Rather than trying to give you an exact breakdown or point system, we'll be applying a more holistic approach. You'll be rewarded for being creative. You'll be penalized if your design is obviously broken.

The criteria for comparing the submissions are:

  1. Did you find the backdoors you were given?
  1. Did you understand how the backdoor is activated?

  1. Did you understand the effect of the backdoor on the election?
  1. Did you follow a systemic approach trying a range of techniques?

  1. Did you reference the FEC election standards?

  1. What is the quality of writing and presentation?
The overall result will be a letter grade based upon the criteria above.

Phase Three: Back to the Future (20%)

You've spent some time learning about designing correct cryptographic protocols. One place in some election systems where a crypto protocol is appropriate is when the user is authenticated as a properly registered voter who has not voted before. Many DRE systems use a smart card issued to the voter either at the polling place or before the election to perform this authentication.

It's important that the protocol used allows the voter to remain anonymous, since a secret ballot is a goal of the election system. It's also important that the voter not be able to supply proof of his ballot choices to a third party; this prevents vote-buying and undue influence by employers, family members, and so forth.

Diebold's AccuVote-TS system, which has been used in actual elections, uses the following protocol:
  1. User inserts smartcard into machine, which prompts for a PIN.
  2. Machine sends the PIN to the Card.
  3. Card returns to the Machine either OK or Not OK
  4. Card responds "OK" iff the PIN is correct and this is the first use.

This protocol does not use cryptography improperly - it just doesn't use cryptography at all! The major problem here is that a voter could sneak in his own card that always responds "OK." This would permit multiple votes.

Your job is to produce a model for smartcard distribution and a protocol that meets the following security goals:
  1. Only registered voters may vote.
  2. All registered voters have the opportunity to vote.
  3. No one may have more than one vote tallied. (You may solve this either by making multiple votes impossible, or by detecting multiple votes).
  4. No ballot image can be traced back to the voter who cast that ballot by anyone, including the election authority. Be sure to describe when information is deleted, if your protocol makes throwing away information necessary.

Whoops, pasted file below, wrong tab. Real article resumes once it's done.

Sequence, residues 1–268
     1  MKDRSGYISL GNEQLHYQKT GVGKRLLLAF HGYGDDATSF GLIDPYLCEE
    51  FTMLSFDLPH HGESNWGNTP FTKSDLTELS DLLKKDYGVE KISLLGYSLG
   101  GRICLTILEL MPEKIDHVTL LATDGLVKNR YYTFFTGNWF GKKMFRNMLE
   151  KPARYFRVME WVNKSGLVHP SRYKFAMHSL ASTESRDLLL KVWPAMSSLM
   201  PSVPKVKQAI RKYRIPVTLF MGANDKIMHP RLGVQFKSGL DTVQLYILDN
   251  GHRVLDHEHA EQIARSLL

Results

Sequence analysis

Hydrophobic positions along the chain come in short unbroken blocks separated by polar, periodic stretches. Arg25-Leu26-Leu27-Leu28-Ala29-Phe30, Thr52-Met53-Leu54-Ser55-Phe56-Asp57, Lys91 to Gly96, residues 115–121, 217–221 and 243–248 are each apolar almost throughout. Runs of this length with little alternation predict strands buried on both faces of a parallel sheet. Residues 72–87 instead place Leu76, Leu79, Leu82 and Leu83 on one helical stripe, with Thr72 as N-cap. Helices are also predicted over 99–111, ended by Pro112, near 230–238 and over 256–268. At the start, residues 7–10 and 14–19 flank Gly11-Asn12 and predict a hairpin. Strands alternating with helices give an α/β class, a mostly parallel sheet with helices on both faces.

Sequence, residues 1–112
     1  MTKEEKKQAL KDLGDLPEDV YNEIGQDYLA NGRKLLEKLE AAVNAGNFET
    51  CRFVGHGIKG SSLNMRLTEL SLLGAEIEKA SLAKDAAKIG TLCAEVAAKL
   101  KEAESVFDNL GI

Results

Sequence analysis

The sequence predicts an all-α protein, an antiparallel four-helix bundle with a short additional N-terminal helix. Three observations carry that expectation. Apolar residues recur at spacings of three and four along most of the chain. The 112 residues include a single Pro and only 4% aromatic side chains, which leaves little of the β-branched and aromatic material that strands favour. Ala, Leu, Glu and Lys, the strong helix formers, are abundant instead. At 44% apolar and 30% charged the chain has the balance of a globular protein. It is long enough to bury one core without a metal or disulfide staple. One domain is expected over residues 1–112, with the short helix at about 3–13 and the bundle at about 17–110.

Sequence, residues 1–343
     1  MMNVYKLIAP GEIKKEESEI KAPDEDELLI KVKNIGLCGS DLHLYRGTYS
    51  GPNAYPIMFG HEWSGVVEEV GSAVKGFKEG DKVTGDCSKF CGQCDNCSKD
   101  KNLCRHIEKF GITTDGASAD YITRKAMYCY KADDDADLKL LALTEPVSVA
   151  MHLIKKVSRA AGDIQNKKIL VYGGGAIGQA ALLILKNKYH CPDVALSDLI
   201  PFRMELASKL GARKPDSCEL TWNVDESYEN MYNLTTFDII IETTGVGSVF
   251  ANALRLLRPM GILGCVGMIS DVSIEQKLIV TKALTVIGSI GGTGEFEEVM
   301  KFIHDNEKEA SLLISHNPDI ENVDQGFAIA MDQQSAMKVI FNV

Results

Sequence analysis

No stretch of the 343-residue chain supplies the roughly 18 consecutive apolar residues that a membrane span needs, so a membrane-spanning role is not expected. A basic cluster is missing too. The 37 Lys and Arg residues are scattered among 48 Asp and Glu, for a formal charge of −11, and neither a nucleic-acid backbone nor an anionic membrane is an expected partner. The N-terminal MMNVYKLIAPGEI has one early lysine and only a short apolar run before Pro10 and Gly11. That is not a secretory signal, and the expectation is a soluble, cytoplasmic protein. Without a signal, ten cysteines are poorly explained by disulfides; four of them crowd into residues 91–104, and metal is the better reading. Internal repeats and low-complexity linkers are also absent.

5. Voters cannot prove that they voted for particular candidates. You may assume that votes are cast in a private environment and the voter's interaction with the system is not observed by anyone else.

Voters are divided into precincts, districts served by one central polling place. A voter may vote only at the polling place for his or her precinct, but there may be several voting machines at the precinct, and the voter will use whatever machine comes available first.

You may assume that there is an out-of-band method of identifying registered voters and providing them with their correct smartcards; however, you may not assume that registered voters will necessarily be motivated to keep their smartcards to themselves. Think about the problems that might be caused by voters trading or selling cards, and the methods (technical and administrative) that you would use to mitigate these problems.

You should use the notation introduced in the textbook to describe security protocols.

Your submission

  1. Design document: A report (PDF) that describes your scheme in detail, and the administrative actions by the voting authorities that would be required to support it. Be sure to sure to include a list of attack scenarios that you intend your system to be robust against. Argue in your report that your approach is correct, that it meets the security goals above, and that it is in fact robust against the attack scenarios you considered.
  2. Protocol Proof: Using BAN logic, model the protocol(s) spoken between the smart card and the voting machine, and also between the smart card and any other devices it may need to speak to. Be sure that any compromises you make in order to produce a BAN model of your system is documented.


You will be graded on completeness and attention to detail, but you won't be graded on correctness (you should make an argument but I'm not expecting it to be perfect, its more the attempt that counts). We want to see that you thought about the issues in your design and that you managed to produce a BAN model that reflects your design and has some meaningful proof of correctness.

The criteria for comparing the submissions are:
  • Use of informal reasoning to support argument around correctness
  • Completeness (with respect to the desired policy)
  • Attention to detail (how precise is your description of the protocol)
  • Use of standard notation to describe the protocol
  • Use BAN logic to attempt a formal argument about belief in the authenticity of the voter

The overall result will be a letter grade based upon the criteria above.


Strive for simplicity. If you must use 'deep mathematics' (e.g., blinded signatures, zero knowledge proofs, etc) you must state why, and why simpler techniques won't work; avoid using public key cryptography unless you really need it. Likewise, when we ask you to discuss different attack scenarios and how you'll address them, you should think "out of the box." Imagine all the different way things could go wrong. For example: * A user determines the key material inside her own card (allowing the creation of counterfeits?) * Many voters collude to introduce some problem into the system * A malicious party arranges for a voting machine to fall off a truck on the way to the poll site and so on.

You'll want to add more and elaborate on these scenarios. Feel free to discuss them on the course forum, but don't discuss how you plan to address them.

If you don't believe an attack is feasible because of some external administrative procedure ("We strip- search all voters to make sure they haven't brought in a hacked smartcard"), say so, but back up what you say with a sound argument.